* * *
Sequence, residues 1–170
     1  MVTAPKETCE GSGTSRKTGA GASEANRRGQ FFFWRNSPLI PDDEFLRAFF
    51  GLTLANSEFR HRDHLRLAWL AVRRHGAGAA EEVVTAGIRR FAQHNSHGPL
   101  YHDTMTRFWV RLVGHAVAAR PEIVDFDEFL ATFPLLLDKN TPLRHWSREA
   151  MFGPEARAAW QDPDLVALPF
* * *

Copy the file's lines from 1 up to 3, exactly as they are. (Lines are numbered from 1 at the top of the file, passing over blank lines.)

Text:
Sequence, residues 1–170
     1  MVTAPKETCE GSGTSRKTGA GASEANRRGQ FFFWRNSPLI PDDEFLRAFF
    51  GLTLANSEFR HRDHLRLAWL AVRRHGAGAA EEVVTAGIRR FAQHNSHGPL